“Despite a new Court of Appeal the judicial backlog is not being reduced,” Mattie McGrath
Independent TD Mattie McGrath has called on the Minister for Justice, Charlie Flanagan, to address ongoing concerns around the inability of the Court of Appeal to address its persistently high backlog of civil and criminal cases. Deputy McGrath was speaking after an analysis of the Court Service’s Annual Report for 2016 by Seth Barrett Tilman, Lecturer in Law at Maynooth University Department of Law, found that without significant reform the Court of Appeal will be incapable of reducing its judicial backlog:
“This analysis by Seth Barrett Tilman is a forensic deconstruction of the spin that is being pedalled regarding the impact the ‘new’ Court of Appeal is allegedly having on addressing the current backlog of cases.
At the time the idea of the new Court was being sold to the Irish people, it was touted as a kind of panacea for the massive delays that were afflicting our judicial system.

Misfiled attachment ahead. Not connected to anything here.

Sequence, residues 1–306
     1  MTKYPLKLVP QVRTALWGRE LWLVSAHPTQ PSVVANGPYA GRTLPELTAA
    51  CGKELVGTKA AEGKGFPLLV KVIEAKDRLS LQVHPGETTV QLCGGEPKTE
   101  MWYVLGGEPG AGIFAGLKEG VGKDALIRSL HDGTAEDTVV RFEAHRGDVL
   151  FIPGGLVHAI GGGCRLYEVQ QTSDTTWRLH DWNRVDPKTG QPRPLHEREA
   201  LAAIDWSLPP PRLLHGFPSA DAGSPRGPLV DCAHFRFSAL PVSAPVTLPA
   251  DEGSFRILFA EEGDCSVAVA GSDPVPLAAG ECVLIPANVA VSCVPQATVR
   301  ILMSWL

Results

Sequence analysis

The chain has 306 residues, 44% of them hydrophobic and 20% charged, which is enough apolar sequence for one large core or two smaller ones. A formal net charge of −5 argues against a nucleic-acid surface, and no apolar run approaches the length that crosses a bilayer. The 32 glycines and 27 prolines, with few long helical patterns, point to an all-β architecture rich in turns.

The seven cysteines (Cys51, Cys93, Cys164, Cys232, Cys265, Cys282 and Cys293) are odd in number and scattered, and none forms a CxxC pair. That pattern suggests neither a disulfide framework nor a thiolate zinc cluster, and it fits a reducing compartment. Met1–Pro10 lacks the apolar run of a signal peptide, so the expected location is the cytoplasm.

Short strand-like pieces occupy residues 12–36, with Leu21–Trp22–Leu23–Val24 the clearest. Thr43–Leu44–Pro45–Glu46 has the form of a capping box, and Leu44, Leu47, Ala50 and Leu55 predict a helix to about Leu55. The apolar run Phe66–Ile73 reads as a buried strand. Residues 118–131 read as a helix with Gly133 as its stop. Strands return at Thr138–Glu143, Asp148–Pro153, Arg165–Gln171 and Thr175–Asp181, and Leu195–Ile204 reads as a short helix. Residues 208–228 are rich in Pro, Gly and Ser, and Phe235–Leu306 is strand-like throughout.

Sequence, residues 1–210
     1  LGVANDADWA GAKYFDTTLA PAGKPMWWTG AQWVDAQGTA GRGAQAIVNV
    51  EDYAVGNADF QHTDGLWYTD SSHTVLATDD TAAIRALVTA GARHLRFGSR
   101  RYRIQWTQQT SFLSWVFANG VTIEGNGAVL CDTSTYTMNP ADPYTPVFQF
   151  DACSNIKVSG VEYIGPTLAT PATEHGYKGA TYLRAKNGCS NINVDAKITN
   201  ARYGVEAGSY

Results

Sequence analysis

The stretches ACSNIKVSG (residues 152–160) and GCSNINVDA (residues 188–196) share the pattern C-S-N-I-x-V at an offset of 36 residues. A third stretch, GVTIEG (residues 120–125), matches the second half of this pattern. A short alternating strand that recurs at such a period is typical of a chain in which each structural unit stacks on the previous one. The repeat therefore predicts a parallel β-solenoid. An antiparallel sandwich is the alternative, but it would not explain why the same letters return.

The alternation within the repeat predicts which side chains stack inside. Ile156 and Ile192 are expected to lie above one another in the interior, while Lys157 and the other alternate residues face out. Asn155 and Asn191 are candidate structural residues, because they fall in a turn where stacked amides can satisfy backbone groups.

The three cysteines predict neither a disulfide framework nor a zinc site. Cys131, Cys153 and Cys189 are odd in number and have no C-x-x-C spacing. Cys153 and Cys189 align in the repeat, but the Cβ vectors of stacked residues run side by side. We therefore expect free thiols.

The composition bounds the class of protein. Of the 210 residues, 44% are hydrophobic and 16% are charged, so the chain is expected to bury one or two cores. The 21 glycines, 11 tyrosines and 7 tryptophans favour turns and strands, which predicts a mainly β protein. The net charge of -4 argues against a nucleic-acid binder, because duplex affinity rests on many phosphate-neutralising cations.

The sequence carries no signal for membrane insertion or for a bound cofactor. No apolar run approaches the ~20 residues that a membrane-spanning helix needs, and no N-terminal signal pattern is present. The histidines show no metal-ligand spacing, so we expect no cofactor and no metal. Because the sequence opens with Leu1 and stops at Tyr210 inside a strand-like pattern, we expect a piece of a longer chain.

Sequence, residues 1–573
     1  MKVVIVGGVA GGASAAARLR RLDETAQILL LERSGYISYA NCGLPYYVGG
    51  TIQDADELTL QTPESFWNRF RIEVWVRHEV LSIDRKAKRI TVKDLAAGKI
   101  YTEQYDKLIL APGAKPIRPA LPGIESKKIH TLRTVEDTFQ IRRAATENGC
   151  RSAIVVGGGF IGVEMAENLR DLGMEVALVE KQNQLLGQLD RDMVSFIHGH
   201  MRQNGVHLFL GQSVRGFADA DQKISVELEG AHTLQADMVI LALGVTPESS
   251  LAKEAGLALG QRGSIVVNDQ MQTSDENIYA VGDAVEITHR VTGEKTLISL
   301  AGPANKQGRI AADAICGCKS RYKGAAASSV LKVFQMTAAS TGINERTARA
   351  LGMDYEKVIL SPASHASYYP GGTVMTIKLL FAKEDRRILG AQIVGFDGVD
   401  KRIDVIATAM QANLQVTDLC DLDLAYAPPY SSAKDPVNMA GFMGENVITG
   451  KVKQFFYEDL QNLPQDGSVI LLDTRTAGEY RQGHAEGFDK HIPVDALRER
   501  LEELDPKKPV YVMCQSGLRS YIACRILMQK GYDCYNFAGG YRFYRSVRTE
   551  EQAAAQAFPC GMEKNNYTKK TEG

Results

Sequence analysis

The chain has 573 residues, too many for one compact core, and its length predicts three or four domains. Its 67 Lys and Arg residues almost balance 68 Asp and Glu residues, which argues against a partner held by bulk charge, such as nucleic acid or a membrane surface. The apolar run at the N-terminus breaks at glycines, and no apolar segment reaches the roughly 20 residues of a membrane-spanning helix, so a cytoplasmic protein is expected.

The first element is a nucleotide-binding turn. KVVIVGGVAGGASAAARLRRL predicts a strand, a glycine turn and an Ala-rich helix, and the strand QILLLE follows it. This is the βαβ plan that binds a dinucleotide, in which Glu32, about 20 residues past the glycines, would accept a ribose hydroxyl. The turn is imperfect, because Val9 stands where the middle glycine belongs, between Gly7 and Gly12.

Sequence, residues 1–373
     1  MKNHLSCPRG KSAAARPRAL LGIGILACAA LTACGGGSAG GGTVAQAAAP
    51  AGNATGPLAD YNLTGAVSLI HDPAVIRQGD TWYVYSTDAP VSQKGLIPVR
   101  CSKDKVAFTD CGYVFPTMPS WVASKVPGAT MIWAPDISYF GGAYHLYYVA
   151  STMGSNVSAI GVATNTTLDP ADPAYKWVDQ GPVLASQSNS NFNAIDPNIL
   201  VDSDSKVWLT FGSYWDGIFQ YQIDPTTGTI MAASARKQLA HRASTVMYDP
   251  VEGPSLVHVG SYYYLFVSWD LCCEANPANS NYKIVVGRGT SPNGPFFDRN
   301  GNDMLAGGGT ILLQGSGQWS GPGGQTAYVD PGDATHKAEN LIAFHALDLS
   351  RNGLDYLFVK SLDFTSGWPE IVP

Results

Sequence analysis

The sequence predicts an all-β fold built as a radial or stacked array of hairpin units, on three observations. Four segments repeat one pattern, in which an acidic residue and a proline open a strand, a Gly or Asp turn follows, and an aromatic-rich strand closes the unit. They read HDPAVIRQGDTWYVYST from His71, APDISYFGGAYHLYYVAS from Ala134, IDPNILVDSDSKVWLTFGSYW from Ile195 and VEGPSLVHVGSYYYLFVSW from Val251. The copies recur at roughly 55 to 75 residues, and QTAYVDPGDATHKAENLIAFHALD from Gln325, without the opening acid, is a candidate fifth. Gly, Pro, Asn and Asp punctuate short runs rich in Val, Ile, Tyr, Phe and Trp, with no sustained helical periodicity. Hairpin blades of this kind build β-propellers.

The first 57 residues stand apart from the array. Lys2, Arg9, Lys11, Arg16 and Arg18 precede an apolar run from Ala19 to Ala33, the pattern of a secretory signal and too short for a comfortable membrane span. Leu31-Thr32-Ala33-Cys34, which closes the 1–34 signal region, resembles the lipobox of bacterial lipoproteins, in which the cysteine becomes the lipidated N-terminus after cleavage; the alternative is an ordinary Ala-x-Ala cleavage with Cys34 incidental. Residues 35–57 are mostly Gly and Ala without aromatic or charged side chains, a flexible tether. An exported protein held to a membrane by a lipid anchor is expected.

Some of us tried to highlight the fact that all this would do, in the absence of more fundamental reform, was to create the illusion of progress.
That position has now been vindicated.
Seth Barrett Tilman has shown that in the course of the Court of Appeal’s second complete calendar year, with millions spent, the number of pending cases started at 1,814, and by the end of the year the number of pending cases increased to 1,821. In other words, there was no net reduction in the number of cases in the backlog.
In point of fact he has also highlighted that there was a 19% decrease in the number of cases disposed of between 2015 and 2016.
All of these issues raise profound challenges for the operation of this Court and public value for money.
They must be addressed and scrutinised without the kind of delays that may arising from an undue sense of deference toward judges.
If they are not getting through the backlog then questions need to be asked about why that is happening year after year even with additional Court facilities at their disposal.
The reasonable conclusion is that more fundamental reform is needed instead of creating another Court with the exact same procedural blocks as has happened in this case,” concluded Deputy McGrath.